What a revealing debate this has been, which demonstrates the clear contrast betweenthe opposition and the government in this most critical of policy areas. The Deputy Leader of the Opposition, who delivered a fantastic policy- and reform-rich speech at the National Press Club this week, made clear where we comefrom in this debate on this matter of public importance. She said, 'It's about our children.'
What did we hear from the government contributors to this debate? It was another Comical Ali performance from theMinister for Education, who can't engage with any of the challenges in his portfolio—or perhaps he's denied that opportunityaround the cabinet table. But his performance was exceeded by that of the parliamentary secretary, who backed him in withmore bluster and less rationale. I want to start in reference to her contribution. She began by referencing my colleague themember for Kingston and said something quite strange: that the member for Kingston had said nothing about child care. Perhaps she should listen to how the member for Kingston and other Labor members discuss this area. We are concernedabout early learning. We are concerned about our children. We are concerned about our future. Workforce participation isimportant—that's part of the role—but we are committing to the funding of kinder for four-year-olds because we recognisethe imperative of early learning. Beyond that, we are investing deeply in kindergarten for three-year-olds because it is vitally important. The statistics in terms of brain development and the learning process associated with participation in early learning are clear. For the Minister for Education to talk about equity while ignoring the opportunity for our most needy kidsto start their school life on even terms is simply appalling. It is absolutely shameful. He should reconsider that part of hisspeech if nothing else.
I'm so proud to be part of a Labor team that is committed to giving every child every chance of education at every level. Weon this side of the House understand that it begins with early learning. The fact that members opposite are more interestedin accounting tricks for managing their budget bottom line than giving parents—and, indeed, Australia's children—the certainty of funding for four-year-olds is appalling. And their failure to invest in kinder for three-year-olds is just mystifying.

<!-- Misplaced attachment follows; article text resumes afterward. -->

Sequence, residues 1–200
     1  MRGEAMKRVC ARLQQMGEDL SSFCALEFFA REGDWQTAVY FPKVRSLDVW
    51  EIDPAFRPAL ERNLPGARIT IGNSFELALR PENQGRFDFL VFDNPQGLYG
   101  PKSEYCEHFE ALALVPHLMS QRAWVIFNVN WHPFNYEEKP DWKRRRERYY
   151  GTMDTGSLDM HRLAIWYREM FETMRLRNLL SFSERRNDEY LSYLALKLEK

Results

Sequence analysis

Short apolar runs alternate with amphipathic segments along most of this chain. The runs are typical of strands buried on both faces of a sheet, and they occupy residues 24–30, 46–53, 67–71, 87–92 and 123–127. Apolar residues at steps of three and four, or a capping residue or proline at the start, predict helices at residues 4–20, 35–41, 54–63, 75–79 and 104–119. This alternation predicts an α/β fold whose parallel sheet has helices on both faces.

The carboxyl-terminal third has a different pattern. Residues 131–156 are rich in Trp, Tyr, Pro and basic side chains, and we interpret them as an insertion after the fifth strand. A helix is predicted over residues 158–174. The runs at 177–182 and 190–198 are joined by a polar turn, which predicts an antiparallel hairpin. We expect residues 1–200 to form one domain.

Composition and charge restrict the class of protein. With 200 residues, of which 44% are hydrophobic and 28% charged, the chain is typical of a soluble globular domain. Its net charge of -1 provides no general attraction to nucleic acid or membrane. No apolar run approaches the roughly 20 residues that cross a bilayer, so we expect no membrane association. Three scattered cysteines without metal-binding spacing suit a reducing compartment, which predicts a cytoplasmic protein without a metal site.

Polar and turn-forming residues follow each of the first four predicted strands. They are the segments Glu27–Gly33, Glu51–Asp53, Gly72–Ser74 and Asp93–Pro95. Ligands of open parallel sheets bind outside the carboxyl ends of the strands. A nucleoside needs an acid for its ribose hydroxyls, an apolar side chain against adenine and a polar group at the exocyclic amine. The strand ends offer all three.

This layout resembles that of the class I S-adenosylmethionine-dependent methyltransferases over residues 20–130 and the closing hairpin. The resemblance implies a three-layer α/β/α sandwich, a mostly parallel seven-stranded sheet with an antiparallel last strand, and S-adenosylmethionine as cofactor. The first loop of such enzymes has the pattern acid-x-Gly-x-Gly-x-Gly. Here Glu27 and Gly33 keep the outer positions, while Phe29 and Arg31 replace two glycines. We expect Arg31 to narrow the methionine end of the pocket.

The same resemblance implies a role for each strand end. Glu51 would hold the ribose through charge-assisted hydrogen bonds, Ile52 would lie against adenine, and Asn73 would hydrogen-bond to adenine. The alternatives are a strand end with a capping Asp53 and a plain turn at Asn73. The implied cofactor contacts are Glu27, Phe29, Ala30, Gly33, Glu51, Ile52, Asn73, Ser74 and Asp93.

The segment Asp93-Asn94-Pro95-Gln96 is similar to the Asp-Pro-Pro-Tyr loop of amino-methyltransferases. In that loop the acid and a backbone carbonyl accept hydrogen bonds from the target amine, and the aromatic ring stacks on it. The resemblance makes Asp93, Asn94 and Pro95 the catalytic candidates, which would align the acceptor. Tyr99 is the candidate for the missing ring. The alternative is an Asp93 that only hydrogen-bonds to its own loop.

All that is before we get to schools. Here we heard the government members again trying to play games. It was the 2014budget that baked in these cuts. There was a $30 billion cut, and they have put in $16 billion and expect to be congratulated. It's still a $14 billion cut, and that cut impacts most—in fact, entirely—on the 2.5 million children in our public schools. The Minister for Education talks about kids from disadvantaged backgrounds. Well, they are overwhelmingly educated in those schools.
- Mr Broadbent interjecting: You know that's totally misleading. -
As the member for McMillan well knows, it is a $14 billion cut. We have put our money whereour mouth is, member for McMillan. We are going to put every cent back in. More than that, we're goingto scrap what's worse than the cut, which is the arbitrary decision to cap Commonwealth funding of state schooling at 20 per cent. That is outrageous. It's short-changing our most vulnerable, most needy students acrossthe board but, in particular, in jurisdictions like Tasmania, South Australia and the Northern Territory. You are creating twotiers of school education in Australia and you stand condemned for that, member for McMillan, as does the minister. It is atwo-tier system of school education, and you have no vision for reform.
In fact, I will give the member for Wannon some credit. Unlike his two predecessors, he has effectively engaged in someconversations with the ministers council—he has—after five wasted years. He talks about reform, but it is on no foundationwhatsoever. We support the recommendations in so-called Gonski 2.0 but we will fund them. We will give every child everychance to succeed in school.
Time doesn't permit me to go beyond schools, but the member for Sydney articulated the case clearly. Actually, there is aworse case of policy failure from this government than in schools and early learning, and that is in skills and university, because the government have absolutely nothing at all to say about this vital sector.